- Historic Sites
An Inquiry Into the Origins of Jazz
February/march 1982 | Volume 33, Issue 2
In 1897 town officials rope off a district for prostitution, gambling, and the new music that seems to go with these: the District, it is called (Storyville to us). Here Bolden solidifies his rule, moving nightly among the halls and cabarets: Perseverance Hall, Globe Hall, Come Clean, Big Easy, Drag Nasty, Funky Butt, Spano’s, Fewclothes, Tuxedo. At each of these Bolden plays the numbers he has made famous: “Make Me a Pallet on Your Floor,” “If You Don’t Shake,” and his theme, “Buddy Bolden’s Blues. ” As at old Congo Square, this is music for the dancers, and there is an electric sympathy between those on the floor and those on the bandstand. They tell each other things, and when the King plays “Don’t Go Away, Nobody,” everyone knows the polite dancing is over and now it will be blues until daybreak.
Sleep? Bolden does not need it. He has staying power, workingman’s power. He has a signal to his band, “Don’t take down,” that means, “Don’t put your instruments down. Keep playing.” And they do. Led on by the King, they stomp from “can’t see ‘til can.”
By now it is our century, and the legend of the hero begins to merge into the history of the music he is credited with creating. Now it begins to glimmer out from behind the names of his successors. We hear talk of Storyville, where at any intersection there would be four cabarets, each with its band of younger musicians playing the new music at top volume. Seven-piece dance bands blared in the big halls of the District or “bucked” each other in musical battles fought from the beds of furniture wagons they hired to advertise the dances: as a band rolled through a neighborhood playing from its wagon, a rival group might ride into view, and then the two would lock wheels to try to play each other down, “Didn’t He Ramble” against “Moose March.” The winners got the crowd that night, but such was the popularity of the music that there were no real losers—there were always jobs. Thus where before we heard only of King Bolden’s Band, now we hear of the Columbus Band led by the heavy-lipped powerhouse cornetist, Tig Chambers; of the Imperial Orchestra headed by Manuel Ferez, the best of the Creole cornetists; of the Magnolia Orchestra, organized around 1909, and which included in the next five years many who subsequently would be regarded as pioneers. We hear, too, of other “kings” of the cornet—Freddie Keppard, the “best ragtime cornet,” and Joe King Oliver, and Bunk Johnson, who had the sweetest tone in town but played with a “peppery” style. And we learn where the piano players were: in the mirror-spangled parlors of the high-class whorehouses where the geniuses Jelly Roll Morton and Tony Jackson earned big tips improvising dirty songs or speeding through the demanding rags of Scott Joplin and Torn Turpin—“Maple Leaf Rag,” “The Easy Winners,” “A Ragtime Nightmare.”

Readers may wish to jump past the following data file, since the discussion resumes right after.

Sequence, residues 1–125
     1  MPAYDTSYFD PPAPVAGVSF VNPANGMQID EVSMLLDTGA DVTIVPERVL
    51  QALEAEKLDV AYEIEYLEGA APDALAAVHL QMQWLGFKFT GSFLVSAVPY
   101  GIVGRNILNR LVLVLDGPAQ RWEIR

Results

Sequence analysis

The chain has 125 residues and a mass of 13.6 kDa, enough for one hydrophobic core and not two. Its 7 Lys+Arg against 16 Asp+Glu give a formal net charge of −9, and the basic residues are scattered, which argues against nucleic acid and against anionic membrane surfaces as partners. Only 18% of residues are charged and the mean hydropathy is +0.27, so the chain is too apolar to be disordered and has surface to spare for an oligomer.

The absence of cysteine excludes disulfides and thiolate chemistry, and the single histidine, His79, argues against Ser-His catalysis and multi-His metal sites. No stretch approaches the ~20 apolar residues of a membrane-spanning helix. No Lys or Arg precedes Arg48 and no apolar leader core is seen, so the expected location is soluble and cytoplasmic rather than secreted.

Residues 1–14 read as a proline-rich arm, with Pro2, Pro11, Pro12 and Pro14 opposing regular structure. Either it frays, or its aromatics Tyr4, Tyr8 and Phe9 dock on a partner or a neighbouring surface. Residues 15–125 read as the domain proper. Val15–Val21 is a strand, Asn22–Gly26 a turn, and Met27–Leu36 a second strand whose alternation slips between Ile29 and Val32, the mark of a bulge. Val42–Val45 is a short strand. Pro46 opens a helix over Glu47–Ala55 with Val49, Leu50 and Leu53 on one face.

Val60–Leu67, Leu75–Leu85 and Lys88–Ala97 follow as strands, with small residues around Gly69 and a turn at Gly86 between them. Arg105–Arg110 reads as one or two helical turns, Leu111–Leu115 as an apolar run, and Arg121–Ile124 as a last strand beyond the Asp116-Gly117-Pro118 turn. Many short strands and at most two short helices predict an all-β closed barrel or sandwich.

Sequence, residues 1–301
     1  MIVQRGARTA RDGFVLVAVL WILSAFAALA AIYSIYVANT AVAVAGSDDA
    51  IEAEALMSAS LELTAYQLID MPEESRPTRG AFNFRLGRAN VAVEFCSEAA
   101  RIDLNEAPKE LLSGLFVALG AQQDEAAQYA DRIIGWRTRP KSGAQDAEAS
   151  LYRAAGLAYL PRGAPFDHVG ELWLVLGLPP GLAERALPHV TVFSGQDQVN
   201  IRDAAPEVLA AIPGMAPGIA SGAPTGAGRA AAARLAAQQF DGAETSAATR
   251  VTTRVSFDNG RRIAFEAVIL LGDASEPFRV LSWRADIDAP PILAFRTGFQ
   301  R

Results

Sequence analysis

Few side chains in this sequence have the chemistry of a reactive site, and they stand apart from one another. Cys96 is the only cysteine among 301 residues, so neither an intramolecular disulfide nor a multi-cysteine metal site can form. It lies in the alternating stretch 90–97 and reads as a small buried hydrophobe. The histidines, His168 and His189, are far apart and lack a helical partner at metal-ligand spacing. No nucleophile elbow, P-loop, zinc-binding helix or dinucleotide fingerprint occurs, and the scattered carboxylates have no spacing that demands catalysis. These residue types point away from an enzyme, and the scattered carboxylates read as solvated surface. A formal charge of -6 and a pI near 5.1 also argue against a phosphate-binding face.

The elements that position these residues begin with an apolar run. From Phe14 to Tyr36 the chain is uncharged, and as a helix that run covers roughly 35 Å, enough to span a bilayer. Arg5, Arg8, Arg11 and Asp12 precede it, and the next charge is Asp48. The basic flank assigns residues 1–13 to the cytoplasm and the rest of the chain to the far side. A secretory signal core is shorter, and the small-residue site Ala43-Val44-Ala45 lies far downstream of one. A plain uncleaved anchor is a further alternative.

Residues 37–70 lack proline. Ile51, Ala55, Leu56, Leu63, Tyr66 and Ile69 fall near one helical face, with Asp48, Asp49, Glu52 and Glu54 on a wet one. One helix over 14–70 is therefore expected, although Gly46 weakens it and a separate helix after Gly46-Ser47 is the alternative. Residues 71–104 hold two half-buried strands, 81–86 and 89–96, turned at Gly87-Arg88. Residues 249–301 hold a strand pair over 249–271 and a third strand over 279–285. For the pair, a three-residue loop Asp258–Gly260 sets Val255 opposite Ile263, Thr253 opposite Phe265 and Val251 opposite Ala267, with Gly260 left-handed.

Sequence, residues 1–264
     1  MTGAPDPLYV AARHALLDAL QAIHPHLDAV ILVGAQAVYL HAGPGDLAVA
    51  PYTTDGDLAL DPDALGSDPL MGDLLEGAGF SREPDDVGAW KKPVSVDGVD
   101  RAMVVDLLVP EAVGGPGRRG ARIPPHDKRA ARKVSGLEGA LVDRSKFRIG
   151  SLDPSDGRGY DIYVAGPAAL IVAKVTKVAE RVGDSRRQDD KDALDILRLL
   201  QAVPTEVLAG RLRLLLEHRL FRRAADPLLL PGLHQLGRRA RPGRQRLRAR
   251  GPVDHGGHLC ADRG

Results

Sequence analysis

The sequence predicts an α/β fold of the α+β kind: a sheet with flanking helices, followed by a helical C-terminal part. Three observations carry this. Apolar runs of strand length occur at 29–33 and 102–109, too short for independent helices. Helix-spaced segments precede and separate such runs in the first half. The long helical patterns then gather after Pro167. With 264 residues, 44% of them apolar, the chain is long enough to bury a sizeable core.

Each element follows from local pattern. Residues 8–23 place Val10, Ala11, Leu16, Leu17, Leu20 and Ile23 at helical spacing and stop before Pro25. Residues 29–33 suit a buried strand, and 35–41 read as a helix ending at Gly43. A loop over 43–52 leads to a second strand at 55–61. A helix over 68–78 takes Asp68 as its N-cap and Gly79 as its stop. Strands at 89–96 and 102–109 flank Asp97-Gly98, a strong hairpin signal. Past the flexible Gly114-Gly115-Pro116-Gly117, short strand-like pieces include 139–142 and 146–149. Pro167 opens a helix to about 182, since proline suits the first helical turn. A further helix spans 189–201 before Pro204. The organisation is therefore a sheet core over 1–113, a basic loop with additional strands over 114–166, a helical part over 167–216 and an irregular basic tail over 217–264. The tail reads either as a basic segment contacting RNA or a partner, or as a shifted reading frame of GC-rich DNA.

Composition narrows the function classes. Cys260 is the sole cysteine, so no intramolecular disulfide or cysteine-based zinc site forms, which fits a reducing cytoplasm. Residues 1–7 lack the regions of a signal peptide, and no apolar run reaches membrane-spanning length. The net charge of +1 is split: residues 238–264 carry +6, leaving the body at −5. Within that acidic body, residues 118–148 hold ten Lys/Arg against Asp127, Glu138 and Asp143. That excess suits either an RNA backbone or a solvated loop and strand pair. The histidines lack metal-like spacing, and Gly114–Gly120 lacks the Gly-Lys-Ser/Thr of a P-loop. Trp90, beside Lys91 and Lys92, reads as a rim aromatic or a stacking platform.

In the twenty-two years between that summer of ’95 and the closing of the District in 1917, the music took cognizance of itself, developed its standard instrumentation and ensemble style, created its canon of tunes. And by 1917 Buddy Bolden was a great name among other great names, a sort of father among the fathers, spoken of always in the past tense, for by this time he had long ceased to be an active presence in New Orleans or anywhere else. Legend says that on some dateless spring day, playing a long, hot funeral parade, Buddy Bolden “fell out,” quit playing, and never played again.
This is the legendary end for the King, appropriate in view of what we know of the circumstances of black life in his New Orleans, and appropriate too in view of what we know of black life in America since Bolden. Of this persistent condition, jazz is a disquieting reminder. This is a part of its interior sound, as if the legacy of the legendary King was still hanging in the air, a note, a call higher than we can well bear.
Walking the streets of Bolden’s old neighborhood you can feel that interior sound of the music humming up out of places that have changed little since 1895—except to deteriorate. Along First Street things look much the same as when Bolden lived here. Now as then this is a predominantly black neighborhood; in the schoolyard spidery-looking black boys imagine themselves becoming superstars as they shoot basketballs toward hoopless backboards. At the corner of First and Liberty is the barbershop where Bolden spent some of his daylight hours making arrangements for his band dates. A wooden awning curves around the corner, and there are benches underneath. Inside, on the walls above the two chairs and the mirrors flecked russet with age, are pictures of Lincoln, Booker T. Washington, and Frederick Douglass. Also photos of Jack Johnson and Joe Louis: that was another way to make it out.
Across the street is Bolden’s house, 2309, its yellow paint chipping down through other layers, its high streetward window shuttered. Along here few know that Charles “Buddy” Bolden did not merely disappear from a parade but that he died a hundred miles away in the segregated unit of the state insane asylum, where for a quarter-century he had rotted untreated. Probably the historical ending is not as important as the legendary one, for in the latter we see history in relief, its broad patterns sharply defined for those who look.